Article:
Another inconvenient legal cul-de-sac I’ve encountered since contemplating a move to East Anglia leaves me not quite as sanguine.
I have a dog named Frankie. He weighs nine pounds. (I understand that’s just over half a stone, yes? What is this ‘stone’ thing about, anyway?) Frankie’s origins are shrouded in mystery: I met him at an animal rescue outfit when he was about two years old. (Aside to animal lovers: have you noticed that when a veterinarian is asked the age of a young adult dog, she almost invariably pronounces, “two”?) So, I don’t know what he went through before he encountered the high life in my extravagantly appointed chambers, but whatever it was clearly left a nasty impression. Frankie is an anxious, neurotic little lad with critical separation issues.
Happily, the days of a mandatory six-month quarantine for animals entering the UK are no more. The rules were eased in 2012, in line with less-stringent EU policies. Stiff requirements continue to keep the UK rabies-free, but quarantines are applied only when those aren’t met. Fair enough.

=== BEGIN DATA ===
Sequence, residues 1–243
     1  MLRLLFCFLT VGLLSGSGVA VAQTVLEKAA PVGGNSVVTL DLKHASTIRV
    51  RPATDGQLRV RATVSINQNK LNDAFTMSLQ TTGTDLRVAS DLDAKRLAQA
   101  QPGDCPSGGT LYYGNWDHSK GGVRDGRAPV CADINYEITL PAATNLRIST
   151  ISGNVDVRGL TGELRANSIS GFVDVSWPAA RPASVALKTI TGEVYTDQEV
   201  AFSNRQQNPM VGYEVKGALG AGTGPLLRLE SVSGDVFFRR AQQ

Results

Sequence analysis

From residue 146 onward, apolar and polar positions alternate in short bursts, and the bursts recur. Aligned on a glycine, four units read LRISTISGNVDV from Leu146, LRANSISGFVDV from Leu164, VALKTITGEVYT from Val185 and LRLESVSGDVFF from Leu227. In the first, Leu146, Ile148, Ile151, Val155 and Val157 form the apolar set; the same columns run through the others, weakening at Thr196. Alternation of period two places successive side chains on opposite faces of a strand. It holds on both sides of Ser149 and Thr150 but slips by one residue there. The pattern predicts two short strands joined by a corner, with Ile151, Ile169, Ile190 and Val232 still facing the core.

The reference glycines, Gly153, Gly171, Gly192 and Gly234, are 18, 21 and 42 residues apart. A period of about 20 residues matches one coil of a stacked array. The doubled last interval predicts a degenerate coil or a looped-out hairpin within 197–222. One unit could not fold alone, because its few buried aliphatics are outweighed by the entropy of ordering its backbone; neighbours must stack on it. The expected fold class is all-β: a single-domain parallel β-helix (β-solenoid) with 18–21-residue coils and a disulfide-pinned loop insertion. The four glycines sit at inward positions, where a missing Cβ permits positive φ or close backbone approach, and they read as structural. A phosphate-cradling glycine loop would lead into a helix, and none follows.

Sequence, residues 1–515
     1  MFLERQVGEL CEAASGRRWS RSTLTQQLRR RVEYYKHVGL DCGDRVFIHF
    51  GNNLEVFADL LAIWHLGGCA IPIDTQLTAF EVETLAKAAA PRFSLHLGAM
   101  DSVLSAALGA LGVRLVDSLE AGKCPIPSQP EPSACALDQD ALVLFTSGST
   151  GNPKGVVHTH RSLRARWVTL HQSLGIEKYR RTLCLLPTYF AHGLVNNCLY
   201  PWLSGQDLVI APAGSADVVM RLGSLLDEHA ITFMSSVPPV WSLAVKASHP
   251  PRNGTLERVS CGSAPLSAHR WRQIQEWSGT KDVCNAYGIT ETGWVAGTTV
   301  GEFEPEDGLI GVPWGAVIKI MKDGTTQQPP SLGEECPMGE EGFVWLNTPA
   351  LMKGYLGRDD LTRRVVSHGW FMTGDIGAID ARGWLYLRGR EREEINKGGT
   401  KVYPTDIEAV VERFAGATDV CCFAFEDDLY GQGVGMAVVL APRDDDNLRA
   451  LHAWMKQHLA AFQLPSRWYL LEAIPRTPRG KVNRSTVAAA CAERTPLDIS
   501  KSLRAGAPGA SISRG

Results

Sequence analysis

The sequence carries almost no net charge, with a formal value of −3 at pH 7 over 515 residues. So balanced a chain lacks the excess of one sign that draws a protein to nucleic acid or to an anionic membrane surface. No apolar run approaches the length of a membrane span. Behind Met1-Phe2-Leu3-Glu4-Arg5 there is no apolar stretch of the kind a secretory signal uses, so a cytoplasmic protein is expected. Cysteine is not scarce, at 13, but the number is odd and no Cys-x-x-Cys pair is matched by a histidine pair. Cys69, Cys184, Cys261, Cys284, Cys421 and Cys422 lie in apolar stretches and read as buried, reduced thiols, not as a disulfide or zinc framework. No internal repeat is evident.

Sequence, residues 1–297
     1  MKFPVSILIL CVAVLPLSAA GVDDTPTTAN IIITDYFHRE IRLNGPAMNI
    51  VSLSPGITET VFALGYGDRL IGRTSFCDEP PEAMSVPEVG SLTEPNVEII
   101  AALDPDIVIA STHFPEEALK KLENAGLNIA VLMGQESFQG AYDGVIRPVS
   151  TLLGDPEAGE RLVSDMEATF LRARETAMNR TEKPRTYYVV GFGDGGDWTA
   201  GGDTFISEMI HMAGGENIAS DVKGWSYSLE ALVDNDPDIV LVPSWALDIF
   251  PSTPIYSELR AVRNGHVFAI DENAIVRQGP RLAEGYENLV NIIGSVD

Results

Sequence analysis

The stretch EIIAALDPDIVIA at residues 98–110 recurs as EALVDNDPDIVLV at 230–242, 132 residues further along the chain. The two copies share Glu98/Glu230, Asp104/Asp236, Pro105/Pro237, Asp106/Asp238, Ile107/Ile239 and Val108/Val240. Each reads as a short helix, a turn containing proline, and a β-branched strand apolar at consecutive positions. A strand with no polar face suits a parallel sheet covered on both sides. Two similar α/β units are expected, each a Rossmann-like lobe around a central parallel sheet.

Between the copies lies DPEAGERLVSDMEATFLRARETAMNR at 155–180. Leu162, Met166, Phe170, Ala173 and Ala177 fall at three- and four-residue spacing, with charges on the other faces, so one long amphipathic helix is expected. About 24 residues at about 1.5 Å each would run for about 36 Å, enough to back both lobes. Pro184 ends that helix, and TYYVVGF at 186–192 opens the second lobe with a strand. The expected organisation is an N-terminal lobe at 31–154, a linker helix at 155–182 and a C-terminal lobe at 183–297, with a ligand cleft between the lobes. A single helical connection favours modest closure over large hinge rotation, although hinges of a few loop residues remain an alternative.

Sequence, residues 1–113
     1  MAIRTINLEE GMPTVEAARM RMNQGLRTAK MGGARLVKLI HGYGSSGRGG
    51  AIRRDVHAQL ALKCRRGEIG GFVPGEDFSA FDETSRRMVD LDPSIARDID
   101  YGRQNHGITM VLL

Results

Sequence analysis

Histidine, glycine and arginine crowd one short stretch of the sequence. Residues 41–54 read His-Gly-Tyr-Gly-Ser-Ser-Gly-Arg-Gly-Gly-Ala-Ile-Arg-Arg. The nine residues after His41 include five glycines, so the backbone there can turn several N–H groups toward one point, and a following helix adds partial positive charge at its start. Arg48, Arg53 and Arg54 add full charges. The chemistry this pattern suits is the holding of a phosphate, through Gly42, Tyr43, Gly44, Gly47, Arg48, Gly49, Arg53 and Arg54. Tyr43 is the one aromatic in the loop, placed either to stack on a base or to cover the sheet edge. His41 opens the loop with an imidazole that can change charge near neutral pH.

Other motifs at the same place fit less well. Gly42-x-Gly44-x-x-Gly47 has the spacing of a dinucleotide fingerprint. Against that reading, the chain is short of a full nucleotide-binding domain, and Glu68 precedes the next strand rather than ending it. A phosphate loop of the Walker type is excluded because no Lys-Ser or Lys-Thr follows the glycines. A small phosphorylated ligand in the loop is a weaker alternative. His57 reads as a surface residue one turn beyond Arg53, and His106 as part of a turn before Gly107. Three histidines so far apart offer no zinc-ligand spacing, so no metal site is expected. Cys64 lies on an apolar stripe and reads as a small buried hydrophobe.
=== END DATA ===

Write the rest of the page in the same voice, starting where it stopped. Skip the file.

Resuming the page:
However, only service dogs may arrive in the aircraft cabin. All others must travel in the cargo hold.
Decoding British logic
Why, I asked, should the UK authorities care how Frankie is brought into the country? Surely he won’t put the nation at greater risk for rabies or any other dog-borne plague if he flies in the cabin of a 787 Dreamliner, rather than being dumped out with the luggage? Or, for that matter, if he arrives in a hot-air balloon? I posed this very question to the relevant authority, and learned that it’s because of the way animals are processed on their arrival at British airports. The only exception, again, is for service dogs. So, unless I succeed in training Frankie to nip the elbow of the entitled young man hogging our shared armrest – a trick I suspect most people would regard as a legitimate and valuable service – he won’t be allowed in the cabin.
Frankie will not survive a nine-hour flight from Colorado in a cage stuffed amongst two hundred-odd Samsonite and Gucci spinners (or, in my case, a disintegrating wheelie case procured on a just-in-time basis from a thrift store – uh, charity shop). His undisputed magical powers notwithstanding, under such conditions, Frankie will reliably suffer a psychotic break.